The next section will show how to use PSD-Lite to model the loudspeaker and enclosure and how to determine the “optimal” values for the filters. The PSD-Lite optimizer has a mode that only evaluates changes to the capacitors. The capacitors are through-hole components and the resistors are SMD on the SD100-6, so this will make modifications easier. The SMD resistors really aren’t that hard to replace if you have the right tools, but overall the through-hole capacitors are much easier to deal with.
Modeling Example Using PSD-Lite
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Modifying the Filters
First, you need to understand that modifying the amp will void the warranty. So consider how much you paid for the amp and whether doing these modifications is worth the loss of the warranty. Second, you should not do these mods unless you have the right tools. A temperature-controlled soldering iron is needed to ensure that you don’t damage the board, and you will need some fine braid or a solder sucker. And third, don’t let this be your first electronic modding experience. You should have some prior experience with replacing components on boards, as it is fairly easy to damage the printed circuit board if you haven’t done something like this before.
The SD100-6 amp is shown below. The preamp board is at the bottom of the picture, and those two pairs of blue capacitors nearest the two potentiometers are our target. As you can see, they are easy to get to and no disassembly is required.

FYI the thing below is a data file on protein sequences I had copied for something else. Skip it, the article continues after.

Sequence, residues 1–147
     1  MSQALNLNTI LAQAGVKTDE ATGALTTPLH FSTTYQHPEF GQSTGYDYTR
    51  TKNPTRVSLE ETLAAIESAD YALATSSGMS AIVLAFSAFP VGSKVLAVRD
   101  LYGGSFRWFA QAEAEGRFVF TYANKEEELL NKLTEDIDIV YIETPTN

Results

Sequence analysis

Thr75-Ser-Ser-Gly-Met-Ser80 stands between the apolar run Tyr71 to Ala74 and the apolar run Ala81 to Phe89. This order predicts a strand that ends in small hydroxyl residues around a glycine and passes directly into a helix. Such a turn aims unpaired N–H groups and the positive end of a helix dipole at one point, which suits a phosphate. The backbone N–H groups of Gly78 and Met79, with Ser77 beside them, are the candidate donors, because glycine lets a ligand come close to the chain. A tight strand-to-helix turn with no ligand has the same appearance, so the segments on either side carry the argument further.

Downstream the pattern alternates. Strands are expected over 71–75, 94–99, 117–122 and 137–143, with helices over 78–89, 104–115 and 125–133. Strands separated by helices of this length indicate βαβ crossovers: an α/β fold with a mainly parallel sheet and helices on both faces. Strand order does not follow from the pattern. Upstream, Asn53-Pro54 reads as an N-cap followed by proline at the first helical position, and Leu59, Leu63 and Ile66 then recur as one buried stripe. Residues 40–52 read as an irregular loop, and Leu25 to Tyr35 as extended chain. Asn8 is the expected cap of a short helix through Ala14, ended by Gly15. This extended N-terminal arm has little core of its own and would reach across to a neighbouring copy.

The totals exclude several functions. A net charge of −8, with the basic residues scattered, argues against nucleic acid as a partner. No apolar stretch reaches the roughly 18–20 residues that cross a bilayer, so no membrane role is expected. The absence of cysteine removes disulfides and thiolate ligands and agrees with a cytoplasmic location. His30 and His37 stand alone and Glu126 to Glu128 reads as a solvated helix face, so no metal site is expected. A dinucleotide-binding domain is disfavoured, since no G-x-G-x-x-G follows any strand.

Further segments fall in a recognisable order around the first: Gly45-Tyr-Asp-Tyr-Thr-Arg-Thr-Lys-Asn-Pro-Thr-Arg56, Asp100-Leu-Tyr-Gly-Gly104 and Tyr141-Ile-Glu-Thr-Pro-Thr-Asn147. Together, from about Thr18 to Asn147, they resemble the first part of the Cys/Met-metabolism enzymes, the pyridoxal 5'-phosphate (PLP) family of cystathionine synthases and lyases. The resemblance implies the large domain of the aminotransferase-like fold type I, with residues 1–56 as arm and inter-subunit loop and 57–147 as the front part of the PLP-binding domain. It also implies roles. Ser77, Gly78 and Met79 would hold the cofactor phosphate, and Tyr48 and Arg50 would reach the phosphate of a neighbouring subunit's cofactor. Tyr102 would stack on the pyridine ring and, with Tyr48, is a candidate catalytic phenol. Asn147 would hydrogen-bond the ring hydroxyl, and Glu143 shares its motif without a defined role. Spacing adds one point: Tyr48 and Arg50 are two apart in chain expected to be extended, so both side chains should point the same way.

The board is clearly labeled on the front–C4 and C5 are on the right side of the board in the picture below, and C13 and C14 are to the left of them, near the “Cutoff” control. Simply unsolder the existing components and replace them with film capacitors of the calculated value. The metallized polypropylene capacitors from EPCOS, Panasonic, Kemet or Vishay are all good choices, but make sure you get parts that fit. This means your selection will be limited to the 50V or 63V parts. I had some .33uF EPCOS parts that I used for C4 and C5, so I removed the existing parts and replaced them. But I didn’t have any of the .68uF parts that I needed for C13 and C14, so I just added some .22uF capacitors to the back of the board. The existing parts were .47uF, so the parallel combination came out close enough.
The picture below shows the .22uF capacitors added to the existing .47uF capacitors. I used a bit of hot-melt glue to keep them from vibrating, but that’s probably overkill.
And that’s it. It took many hours and days to update the PSD-Lite software to model the circuit, but that work is done. It will probably take about 20 minutes to set up the model, run the optimizer and re-run it until you are happy with the results. But the actual physical modification can be done in about 10 minutes.
And yes, it works. I used this for the “Act 1″ project posted at the Parts Express Project Showcase, for a small subwoofer. There isn’t a lot of room-filling low frequency output with the small 5-1/4” cones, but what’s there is deep and not “boomy”. Perfect for the intended application–a compact 2.1 system for computer audio (mostly near-field listening).